Sunday, December 01, 2013

Out of Darkness

Student assembly address:

Did you know there’s now a web site called www.blackfridaydeathcount.com?

It features a giant “ticker” that tracks the number of people who’ve been killed or injured as the result of Black Friday, and underneath, there’s a link to particular news stories about these injuries. 

Here are a few stories from Black Friday from four days ago:

  • An 11 year old girl was sent to the hospital after being stampeded during an early morning opening of a Walmart store in Boston
  • A person was stabbed when two men got into an argument over a parking space outside another Walmart in Virginia.
  • Two men got into a fight inside Walmart in Rialto, California, and when a policeman tried to break it up, he was hurt and had to be rushed to the hospital.
  • An employee was injured in an Arkansas Walmart when customers got out of hand competing with each other to get the last few sales items.

(Apparently Walmarts are dangerous places to be on Black Friday.)

According to the ticker, there’ve been 7 people killed and 90 people injured on Black Friday since they started keeping statistics in 2006.

There’s something obviously perverse here. The very season we celebrate—the coming of the Prince of Peace--has become  cause for a “dog eat dog” competitiveness to see who can get the best prices on the most stuff, even to the point we hurt each other to get these things.

This week we begin the season of Advent, a period of four weeks when the Church asks us to prepare for the birth of Jesus at Christmas.  St. Paul, writing in his letter to the Romans, tells us bluntly:

Brothers and sisters:
You know the time; it is the hour now for you to awake from sleep.
For our salvation is nearer now than when we first believed;
the night is advanced, the day is at hand.
Let us then throw off the works of darkness
and put on the armor of light.  (Romans 13:11-13)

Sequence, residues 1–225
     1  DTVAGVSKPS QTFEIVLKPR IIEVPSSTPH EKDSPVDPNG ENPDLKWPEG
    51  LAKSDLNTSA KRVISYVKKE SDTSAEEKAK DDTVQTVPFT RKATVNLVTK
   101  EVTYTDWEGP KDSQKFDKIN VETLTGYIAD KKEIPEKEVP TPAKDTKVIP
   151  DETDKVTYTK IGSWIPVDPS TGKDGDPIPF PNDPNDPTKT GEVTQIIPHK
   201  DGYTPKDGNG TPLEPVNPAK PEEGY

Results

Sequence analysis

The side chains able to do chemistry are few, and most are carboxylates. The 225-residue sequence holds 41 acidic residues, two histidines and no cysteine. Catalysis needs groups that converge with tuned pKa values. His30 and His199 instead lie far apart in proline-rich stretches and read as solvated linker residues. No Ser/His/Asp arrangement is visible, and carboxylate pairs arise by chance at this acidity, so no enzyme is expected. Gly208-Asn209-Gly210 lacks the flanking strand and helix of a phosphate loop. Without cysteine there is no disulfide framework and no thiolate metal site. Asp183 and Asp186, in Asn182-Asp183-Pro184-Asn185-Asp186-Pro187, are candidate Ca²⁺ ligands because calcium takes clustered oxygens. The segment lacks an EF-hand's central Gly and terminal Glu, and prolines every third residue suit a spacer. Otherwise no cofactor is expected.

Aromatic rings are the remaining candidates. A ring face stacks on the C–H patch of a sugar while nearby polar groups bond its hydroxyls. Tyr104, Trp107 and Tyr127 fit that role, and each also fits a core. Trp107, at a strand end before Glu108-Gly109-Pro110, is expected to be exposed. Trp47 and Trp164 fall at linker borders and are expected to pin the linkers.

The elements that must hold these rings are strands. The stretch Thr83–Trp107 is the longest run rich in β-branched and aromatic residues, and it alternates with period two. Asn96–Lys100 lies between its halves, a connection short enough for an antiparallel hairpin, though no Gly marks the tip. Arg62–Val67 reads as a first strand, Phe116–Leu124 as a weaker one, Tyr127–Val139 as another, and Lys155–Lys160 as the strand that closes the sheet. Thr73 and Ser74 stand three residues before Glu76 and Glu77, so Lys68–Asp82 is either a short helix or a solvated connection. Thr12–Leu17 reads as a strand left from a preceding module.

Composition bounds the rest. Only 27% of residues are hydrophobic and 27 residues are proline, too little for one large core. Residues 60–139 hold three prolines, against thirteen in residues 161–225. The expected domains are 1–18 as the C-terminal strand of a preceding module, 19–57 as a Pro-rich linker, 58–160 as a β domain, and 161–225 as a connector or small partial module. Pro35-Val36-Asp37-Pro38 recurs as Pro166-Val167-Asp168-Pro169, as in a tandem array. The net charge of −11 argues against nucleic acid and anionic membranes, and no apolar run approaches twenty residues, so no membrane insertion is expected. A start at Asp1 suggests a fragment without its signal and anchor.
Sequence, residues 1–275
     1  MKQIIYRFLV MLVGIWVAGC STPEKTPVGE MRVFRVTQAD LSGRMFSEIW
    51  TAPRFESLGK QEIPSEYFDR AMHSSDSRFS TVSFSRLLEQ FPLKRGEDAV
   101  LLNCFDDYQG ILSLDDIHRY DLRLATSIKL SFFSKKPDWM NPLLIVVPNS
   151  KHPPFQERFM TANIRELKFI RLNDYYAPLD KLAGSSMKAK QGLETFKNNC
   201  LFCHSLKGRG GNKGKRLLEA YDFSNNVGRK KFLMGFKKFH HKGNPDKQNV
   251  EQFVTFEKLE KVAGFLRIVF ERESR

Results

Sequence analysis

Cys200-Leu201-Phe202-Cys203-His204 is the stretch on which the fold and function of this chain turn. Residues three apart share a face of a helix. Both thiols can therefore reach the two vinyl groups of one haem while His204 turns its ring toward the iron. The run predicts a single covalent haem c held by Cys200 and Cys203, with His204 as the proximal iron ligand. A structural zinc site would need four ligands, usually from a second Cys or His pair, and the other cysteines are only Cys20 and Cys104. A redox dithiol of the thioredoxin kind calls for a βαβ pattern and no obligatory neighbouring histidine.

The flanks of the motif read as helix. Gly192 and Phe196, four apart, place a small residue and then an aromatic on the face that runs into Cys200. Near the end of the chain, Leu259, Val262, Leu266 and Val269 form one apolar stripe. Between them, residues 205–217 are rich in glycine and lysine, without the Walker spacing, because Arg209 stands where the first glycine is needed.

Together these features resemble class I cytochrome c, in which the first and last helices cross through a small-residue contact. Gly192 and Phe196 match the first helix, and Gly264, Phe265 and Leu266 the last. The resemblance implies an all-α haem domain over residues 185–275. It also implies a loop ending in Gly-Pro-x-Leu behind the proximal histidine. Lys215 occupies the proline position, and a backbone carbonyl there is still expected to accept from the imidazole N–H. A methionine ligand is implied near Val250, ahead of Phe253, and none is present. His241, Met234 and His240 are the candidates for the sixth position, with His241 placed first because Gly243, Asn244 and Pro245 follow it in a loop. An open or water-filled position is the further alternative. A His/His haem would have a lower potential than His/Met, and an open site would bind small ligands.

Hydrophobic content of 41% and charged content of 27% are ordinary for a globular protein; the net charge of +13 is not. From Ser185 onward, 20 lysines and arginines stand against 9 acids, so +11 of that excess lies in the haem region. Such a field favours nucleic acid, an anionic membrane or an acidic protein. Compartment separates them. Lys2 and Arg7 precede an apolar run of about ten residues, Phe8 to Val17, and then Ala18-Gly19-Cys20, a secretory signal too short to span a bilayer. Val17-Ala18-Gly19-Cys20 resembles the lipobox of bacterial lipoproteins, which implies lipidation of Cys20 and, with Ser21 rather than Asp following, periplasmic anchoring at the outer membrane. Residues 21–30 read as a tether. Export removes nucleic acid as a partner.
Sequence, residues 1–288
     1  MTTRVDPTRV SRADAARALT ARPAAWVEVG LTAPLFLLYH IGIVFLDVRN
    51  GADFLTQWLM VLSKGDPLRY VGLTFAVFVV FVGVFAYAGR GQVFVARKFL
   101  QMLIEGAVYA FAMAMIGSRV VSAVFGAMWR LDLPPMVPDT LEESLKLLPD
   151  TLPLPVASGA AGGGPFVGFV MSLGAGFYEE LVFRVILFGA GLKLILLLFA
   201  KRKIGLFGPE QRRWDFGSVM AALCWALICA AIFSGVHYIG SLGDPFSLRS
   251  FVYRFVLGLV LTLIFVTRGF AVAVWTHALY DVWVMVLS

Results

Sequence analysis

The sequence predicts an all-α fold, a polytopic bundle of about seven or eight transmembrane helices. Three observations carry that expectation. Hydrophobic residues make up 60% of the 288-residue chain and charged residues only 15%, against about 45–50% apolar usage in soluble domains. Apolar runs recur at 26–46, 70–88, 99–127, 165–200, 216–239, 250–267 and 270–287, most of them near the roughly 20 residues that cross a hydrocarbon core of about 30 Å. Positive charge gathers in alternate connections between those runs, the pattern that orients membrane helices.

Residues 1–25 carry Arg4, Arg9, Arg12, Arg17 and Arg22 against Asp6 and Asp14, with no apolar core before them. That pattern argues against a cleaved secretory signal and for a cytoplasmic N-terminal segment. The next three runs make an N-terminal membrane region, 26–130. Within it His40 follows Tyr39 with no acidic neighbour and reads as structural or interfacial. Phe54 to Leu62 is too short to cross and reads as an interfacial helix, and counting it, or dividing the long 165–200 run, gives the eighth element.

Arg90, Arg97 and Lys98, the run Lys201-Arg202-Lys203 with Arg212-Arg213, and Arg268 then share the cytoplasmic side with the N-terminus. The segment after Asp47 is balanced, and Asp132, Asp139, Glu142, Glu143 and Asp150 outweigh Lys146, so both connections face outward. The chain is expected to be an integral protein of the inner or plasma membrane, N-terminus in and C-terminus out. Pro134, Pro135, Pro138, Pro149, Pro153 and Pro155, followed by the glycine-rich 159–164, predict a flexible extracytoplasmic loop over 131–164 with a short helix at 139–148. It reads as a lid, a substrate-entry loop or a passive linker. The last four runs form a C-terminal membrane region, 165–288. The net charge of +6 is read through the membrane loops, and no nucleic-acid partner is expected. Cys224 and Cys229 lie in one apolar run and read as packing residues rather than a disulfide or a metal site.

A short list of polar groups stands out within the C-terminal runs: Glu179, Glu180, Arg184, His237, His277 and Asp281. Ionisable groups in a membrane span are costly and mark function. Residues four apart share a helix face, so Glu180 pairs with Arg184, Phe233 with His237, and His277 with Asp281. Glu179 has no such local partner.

As we go about our lives these next four weeks—four very busy weeks of tests, papers, studying, exams, buying presents, playing sports, preparing for concerts, practicing---let us take St. Paul’s admonition seriously, to wake up from our spiritual slumber, to throw off the works of darkness and to put on the armor of light.

How do we do that this Advent? We look to serve each other, to place others' needs before ourselves. We go out of our way to build other people up, rather than tear them down, by finding ways to genuinely compliment them. We carve out of our day some time for prayer. We find ways to appreciate the people who are our friends and family, and forgive those who have hurt us. We ask God to help us. 

If we do these things, then Christmas for us will become something far more meaningful than the accumulation of presents. It will become an opportunity for us to draw closer to our families, closer to our friends, and closer to God.

O Come,  O Come, Emmanuel! 

Sunday, November 17, 2013

Losing Our Moral Judgment

Student assembly address:

Nationally, marijuana use among teenagers is trending upward, with 22.9% of seniors in this country reporting they’ve smoked marijuana in the last month, according to 2012 data released by National Institute on Drug Abuse. That’s up from 18.5% five years earlier. It also means seniors are likelier to smoke marijuana than smoke a cigarette, as only 17.1 % of seniors say they’ve had a cigarette in the past month.  Alcohol usage nationally has declined slightly, with 28.1% of seniors reporting they’ve been drunk in the last month, down from 30.6% five years earlier.